Transplant Nursing Coordinator
A transplant nurse works with patients who are either recipients of organ transplants or the donors. A transplant nurse coordinator takes this job to a slightly higher level, working as part of a team to help coordinate a transplant from either a living or deceased donor. They usually work on either the procurement side, which deals with obtaining the organs, or on the clinical side, dealing with the actual transplant and the recipient. They may work together with the physicians, the nurses who have been tending the patient, the patients’ families, or the hospital chaplain. In procurement, for instance, they could get a call that a patient is critically wounded, not likely to survive, and this nurse will come in to assess the situation, comfort the family, and gently explore the option of organ donation with them. They can also work with the potential recipients, evaluating them through stringent pre-transplant tests that include blood work, an electrocardiogram, endoscopy, x-rays, or ultrasounds. They can work as patient advocates, and patient educators. They are also the contact person for patients awaiting a transplant. Their roles are varied, and can focus on all aspects of transplant nursing.<!- mfunc feat_school ->
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To get started, you should find out which nursing educational path is right for you. Most transplant nurse coordinators have a bachelor’s degree, and many have a master’s, but you could always start out with an associate degree. An associate of science in nursing (ASN) or an associate degree in nursing (AND) only requires two years, and the credits can be applied toward a four-year degree later. A bachelor of science in nursing requires four years of study from a college or university, but will likely garner you a higher starting salary and more job prospects. Magnet hospitals require their nurses to hold a BSN. After earning a degree from an accredited nursing program, passing the state’s board of nursing licensure exam (called the NCLEX-RN) will get you licensed and legally ready to work as a nurse in your state. Many nurses who work as transplant coordinators have some experience in the ICU or in emergency nursing. Curriculum courses focusing on transplant nursing would also help you get started, whether you pursue them at the undergraduate level or as continuing education. Core curriculum for transplant nursing covers information on transplants for liver, kidney, heart, lung, and pancreas transplantation. It will also cover infectious and non-infectious complications, transplant immunology, pharmacology, ethical issues, and patient education and advocacy.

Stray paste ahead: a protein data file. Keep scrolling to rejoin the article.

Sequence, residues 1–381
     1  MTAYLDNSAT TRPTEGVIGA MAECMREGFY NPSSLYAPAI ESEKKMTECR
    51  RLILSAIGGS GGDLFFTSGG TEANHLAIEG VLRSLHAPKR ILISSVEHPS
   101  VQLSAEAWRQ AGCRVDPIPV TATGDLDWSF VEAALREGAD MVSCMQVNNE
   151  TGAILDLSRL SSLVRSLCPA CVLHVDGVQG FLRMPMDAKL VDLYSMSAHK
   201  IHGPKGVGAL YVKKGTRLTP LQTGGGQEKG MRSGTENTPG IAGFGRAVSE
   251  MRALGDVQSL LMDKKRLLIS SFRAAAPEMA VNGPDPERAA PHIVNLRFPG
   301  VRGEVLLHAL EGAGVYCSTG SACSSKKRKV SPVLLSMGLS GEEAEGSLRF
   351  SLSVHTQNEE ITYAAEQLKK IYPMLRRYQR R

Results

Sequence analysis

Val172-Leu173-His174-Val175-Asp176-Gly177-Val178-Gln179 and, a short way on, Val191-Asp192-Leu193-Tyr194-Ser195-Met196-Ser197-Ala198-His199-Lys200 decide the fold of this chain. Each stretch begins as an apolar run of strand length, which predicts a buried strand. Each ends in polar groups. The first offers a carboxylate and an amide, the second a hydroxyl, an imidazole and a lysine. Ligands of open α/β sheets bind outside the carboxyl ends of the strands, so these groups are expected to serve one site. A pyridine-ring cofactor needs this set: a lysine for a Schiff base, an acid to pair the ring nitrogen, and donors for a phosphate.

Transplant Nurse Certification
Continuing education is an important part of working in medicine, as research is always being done and medicine is always evolving. Unlike earning your degree and license, certification is voluntary and not legally required. However it is also a prudent step because more and more employers are beginning to require it. Earning certification shows that you are committed to your field, and that your nursing skills and knowledge are on par with national standards and up-to-date with the latest developments. You can become certified as a Certified Clinical Transplant Nurse (CCTN), or a CPTC (Certified Procurement Transplant Coordinator) or CCTC (Certified Clinical Transplant Coordinator). This involves passing the certification exam given by the American Board for Transplant Certification (ABTC). In order to be eligible to take the CCTN test, you must have worked for two years as a registered nurse, twelve months of which must involve working directly with organ transplant patients. In order to be eligible for the procurement coordinator or the clinical transplant coordinator exams, you will need to have twelve months of clinical vascular organ work experience. You will also have to recertify every three years by retaking this exam. While this is a big commitment, it will boost your salary, skills, and confidence in your abilities.
The International Transplant Nurses Society (ITNS) is the premier professional nurse’s organization for this specialty. It can be a good resource for networking and finding out about conferences, continuing education opportunities, as well as jobs opportunities.
According to salaryexpert.com, the average salary for a transplant nurse coordinator in large cities can range from $$80,490 in Atlanta, to $88,359 in Chicago to $112,796 in Boston. The job’s outlook is also very good, as specialized nurses with additional training will continue to be in demand, as nursing jobs grow at a great pace, and medicine becomes even more specialized. This job can potentially be very emotionally demanding and stressful, and it requires a lot of education. However the pay and outlook are very good, and it is bound to be very emotionally rewarding as the work literally saves lives. The first step is to get started on your nursing degree.
(Sources: ITNS- International Transplant Nurses Society, ABTC – American Board for Transplant Certification, The organization for transplant professionals)